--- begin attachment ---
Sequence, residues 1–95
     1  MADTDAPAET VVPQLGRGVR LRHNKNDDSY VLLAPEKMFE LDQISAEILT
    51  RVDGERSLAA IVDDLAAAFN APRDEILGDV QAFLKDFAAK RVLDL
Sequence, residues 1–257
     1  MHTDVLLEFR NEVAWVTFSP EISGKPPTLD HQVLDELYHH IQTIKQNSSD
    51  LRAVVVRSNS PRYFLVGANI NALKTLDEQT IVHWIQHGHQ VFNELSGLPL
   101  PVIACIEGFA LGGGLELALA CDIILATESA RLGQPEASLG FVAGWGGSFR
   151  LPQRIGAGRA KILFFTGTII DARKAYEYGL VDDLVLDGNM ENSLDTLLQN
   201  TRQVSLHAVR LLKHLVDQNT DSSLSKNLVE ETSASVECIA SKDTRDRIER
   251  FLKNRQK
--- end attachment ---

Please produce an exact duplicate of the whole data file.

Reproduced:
Sequence, residues 1–95
     1  MADTDAPAET VVPQLGRGVR LRHNKNDDSY VLLAPEKMFE LDQISAEILT
    51  RVDGERSLAA IVDDLAAAFN APRDEILGDV QAFLKDFAAK RVLDL
Sequence, residues 1–257
     1  MHTDVLLEFR NEVAWVTFSP EISGKPPTLD HQVLDELYHH IQTIKQNSSD
    51  LRAVVVRSNS PRYFLVGANI NALKTLDEQT IVHWIQHGHQ VFNELSGLPL
   101  PVIACIEGFA LGGGLELALA CDIILATESA RLGQPEASLG FVAGWGGSFR
   151  LPQRIGAGRA KILFFTGTII DARKAYEYGL VDDLVLDGNM ENSLDTLLQN
   201  TRQVSLHAVR LLKHLVDQNT DSSLSKNLVE ETSASVECIA SKDTRDRIER
   251  FLKNRQK